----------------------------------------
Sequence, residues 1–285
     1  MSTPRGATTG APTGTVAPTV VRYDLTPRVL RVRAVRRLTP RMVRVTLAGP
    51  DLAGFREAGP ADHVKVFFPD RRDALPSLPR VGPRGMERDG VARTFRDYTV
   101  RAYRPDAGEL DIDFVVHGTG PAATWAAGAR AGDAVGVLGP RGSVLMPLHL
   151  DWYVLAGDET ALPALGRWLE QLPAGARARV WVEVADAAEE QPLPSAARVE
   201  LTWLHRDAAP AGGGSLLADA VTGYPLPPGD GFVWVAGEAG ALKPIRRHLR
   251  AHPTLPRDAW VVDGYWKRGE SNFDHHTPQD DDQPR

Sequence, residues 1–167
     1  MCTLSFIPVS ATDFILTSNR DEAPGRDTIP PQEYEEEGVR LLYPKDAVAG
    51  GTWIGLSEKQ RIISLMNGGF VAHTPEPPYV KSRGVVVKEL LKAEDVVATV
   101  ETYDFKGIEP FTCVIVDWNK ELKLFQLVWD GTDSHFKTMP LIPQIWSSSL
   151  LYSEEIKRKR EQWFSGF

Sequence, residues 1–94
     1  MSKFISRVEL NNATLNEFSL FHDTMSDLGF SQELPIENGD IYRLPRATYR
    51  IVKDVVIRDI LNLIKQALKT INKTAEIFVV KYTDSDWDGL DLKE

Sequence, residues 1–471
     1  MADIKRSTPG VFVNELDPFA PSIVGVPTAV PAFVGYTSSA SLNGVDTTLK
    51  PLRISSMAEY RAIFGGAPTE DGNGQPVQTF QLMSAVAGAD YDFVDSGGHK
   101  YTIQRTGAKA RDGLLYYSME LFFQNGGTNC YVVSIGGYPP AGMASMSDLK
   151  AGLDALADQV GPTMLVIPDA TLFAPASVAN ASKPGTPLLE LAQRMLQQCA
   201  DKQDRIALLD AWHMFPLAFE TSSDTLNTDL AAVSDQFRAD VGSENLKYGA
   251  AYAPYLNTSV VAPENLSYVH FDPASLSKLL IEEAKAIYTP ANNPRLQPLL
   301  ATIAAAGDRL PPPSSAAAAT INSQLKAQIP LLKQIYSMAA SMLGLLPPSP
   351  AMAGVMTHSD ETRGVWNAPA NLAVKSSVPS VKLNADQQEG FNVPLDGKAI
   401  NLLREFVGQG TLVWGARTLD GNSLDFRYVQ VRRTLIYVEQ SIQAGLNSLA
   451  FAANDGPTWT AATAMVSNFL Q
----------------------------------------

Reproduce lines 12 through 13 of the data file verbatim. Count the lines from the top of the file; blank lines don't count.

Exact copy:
   151  LYSEEIKRKR EQWFSGF

Sequence, residues 1–94